Genealogy, Wildrick, Wright

AncestryDNA

For Christmas, I gifted both my parents an AncestryDNA kit. At the time, I had wondered if it made more sense to buy a kit for myself, but I decided that seeing what genetic coding I received from which parent would be more fun. It took some time, but they finally sent their test results to the Ancestry lab and a few weeks later, we had their results.

Truthfully, my dad’s results were as I had expected. But there was a bit of surprise with the Scandinavian ancestry. (Which I went extremely wild over as my tastes lean more and more towards Scandinavian influences.)

Dad’s Results:

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Mom’s Results:

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My mom’s results were the most surprising. While much of my dad’s side has been heavily researched by relatives (thank goodness for that! “Wright” is equivalent to “Smith” in my world!) my mom’s side has been an adventure all my own. There are lines of recent immigration, lines that come full-stop before brick walls, and there are lines that go back into early 1700’s America. To see a bit of her ethnic heritage, and how it fits into her ancestral heritage is fascinating.

But the most interesting lesson for me came when I was watching a webinar about AncestryDNA.

While I knew that each individual person has their own individual DNA makeup, I had no idea that that also applied to a person’s ethnic makeup. But, when you look at in context, it makes complete sense.

You receive 50% of your DNA from your mother, and 50% from your father. Each of your parents received 50% from their mother, and 50% from their father. And each of those halves contains entirely random sequences of data. So your unique ethnic map is going to be different from your siblings (with the exception of identical twins). It’s best explained in the video, linked above, so I highly suggest you view it to best understand. Basically, the more siblings and family members you test, the more you learn about your family’s ethnic history as a whole because each of your siblings can received different sequences of ethnic history.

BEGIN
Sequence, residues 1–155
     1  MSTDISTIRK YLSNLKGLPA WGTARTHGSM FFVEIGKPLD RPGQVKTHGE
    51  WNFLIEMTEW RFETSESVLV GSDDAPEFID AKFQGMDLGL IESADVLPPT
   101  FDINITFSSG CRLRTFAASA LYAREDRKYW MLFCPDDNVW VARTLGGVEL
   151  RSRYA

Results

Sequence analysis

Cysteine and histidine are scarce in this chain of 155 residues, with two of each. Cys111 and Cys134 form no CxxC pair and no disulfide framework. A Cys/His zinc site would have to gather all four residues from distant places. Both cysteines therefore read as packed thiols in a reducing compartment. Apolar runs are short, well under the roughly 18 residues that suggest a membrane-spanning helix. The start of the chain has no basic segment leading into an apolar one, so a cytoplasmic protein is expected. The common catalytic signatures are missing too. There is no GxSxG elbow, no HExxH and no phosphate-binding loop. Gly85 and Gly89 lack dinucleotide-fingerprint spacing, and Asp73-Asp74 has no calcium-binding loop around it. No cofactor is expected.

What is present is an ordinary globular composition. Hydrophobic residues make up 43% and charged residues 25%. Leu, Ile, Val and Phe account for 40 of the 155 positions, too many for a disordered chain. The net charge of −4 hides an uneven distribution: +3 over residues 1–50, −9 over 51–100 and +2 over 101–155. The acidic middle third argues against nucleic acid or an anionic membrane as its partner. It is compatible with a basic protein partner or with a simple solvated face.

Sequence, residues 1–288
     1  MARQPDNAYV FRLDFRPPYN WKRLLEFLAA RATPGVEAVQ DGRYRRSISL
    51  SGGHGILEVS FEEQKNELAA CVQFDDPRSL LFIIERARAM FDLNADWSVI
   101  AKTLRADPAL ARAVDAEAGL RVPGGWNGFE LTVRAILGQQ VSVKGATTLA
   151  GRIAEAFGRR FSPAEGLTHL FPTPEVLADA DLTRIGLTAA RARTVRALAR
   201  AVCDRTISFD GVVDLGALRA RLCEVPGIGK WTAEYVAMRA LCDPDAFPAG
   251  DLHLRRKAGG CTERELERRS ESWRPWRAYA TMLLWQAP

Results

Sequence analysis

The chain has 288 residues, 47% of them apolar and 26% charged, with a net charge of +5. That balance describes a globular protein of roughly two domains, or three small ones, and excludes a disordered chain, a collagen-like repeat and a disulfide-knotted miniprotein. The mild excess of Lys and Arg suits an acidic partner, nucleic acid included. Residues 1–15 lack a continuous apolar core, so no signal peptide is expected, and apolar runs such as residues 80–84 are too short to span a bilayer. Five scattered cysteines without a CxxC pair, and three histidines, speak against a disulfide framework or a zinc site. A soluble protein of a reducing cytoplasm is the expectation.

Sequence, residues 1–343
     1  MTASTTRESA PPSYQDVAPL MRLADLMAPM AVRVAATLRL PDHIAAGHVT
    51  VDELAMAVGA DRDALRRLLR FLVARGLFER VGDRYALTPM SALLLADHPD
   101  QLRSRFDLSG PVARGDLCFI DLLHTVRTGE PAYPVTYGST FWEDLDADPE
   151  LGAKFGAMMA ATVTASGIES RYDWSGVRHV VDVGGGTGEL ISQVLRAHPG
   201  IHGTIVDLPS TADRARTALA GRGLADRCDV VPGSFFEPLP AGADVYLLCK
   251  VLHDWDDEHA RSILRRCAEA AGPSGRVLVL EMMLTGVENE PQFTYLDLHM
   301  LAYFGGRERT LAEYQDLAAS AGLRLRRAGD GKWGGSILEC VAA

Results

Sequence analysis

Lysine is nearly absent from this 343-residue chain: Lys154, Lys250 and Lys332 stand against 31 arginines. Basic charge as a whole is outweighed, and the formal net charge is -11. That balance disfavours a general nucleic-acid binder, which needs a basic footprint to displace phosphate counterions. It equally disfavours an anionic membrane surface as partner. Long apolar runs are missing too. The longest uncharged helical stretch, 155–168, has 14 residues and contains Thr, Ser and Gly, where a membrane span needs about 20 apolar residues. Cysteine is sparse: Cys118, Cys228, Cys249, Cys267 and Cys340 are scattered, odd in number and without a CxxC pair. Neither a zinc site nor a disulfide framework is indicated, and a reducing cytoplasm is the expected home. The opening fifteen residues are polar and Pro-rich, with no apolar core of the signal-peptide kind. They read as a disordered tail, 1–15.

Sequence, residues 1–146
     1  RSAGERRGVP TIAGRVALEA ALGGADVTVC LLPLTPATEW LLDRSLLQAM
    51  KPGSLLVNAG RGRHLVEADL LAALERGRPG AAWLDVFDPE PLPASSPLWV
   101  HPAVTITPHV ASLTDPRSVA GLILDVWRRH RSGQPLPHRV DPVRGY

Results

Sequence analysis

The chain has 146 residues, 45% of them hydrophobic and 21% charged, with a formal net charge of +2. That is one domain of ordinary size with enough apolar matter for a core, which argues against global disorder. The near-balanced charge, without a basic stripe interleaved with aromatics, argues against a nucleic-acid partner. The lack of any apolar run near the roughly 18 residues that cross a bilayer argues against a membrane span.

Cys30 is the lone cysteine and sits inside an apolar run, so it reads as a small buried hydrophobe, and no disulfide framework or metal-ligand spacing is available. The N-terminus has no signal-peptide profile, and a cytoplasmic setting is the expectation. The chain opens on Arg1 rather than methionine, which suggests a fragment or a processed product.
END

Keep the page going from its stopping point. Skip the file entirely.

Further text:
Other feature of AncestryDNA I enjoy are the DNA Matches, possible relatives based upon your DNA makeup. If you’re lucky, and the possible hits have public trees (and you’re a paying member of Ancestry) you can see how you’re related. Better yet, you can send messages to each other regarding your family trees and meet new relatives and discover new stories.

AncestryDNA also shows DNA Circles, or, ancestors already listed in your family tree, which can be nice if you’re lacking the sources to verify your ancestors. It also suggests new ancestry discoveries based upon potential cousins and their ancestral trees and DNA makeup.

The best part is that with every new DNA test, new information is stored within the database and becomes available. When we first received my mom’s test results, she had only a handful of DNA Matches. She now has over 200 matches.

I believe we’ve just begun to scratch the surface on what we can learn from DNA. And, with AncestryDNA you’re able to take your research to the next level. Your ethnic results can go back hundreds of years, possibly a thousand years, going far beyond any paper trail.

True, we can all find similar characteristics, traits, histories even, amongst ourselves, our families, our communities, but it’s remarkable to see our inherited uniqueness. And it’s easy to see how those who came before still live on inside each of us. I’m eager to see what my own unique AncestryDNA will show, and catch a glimpse of all of those who came before.

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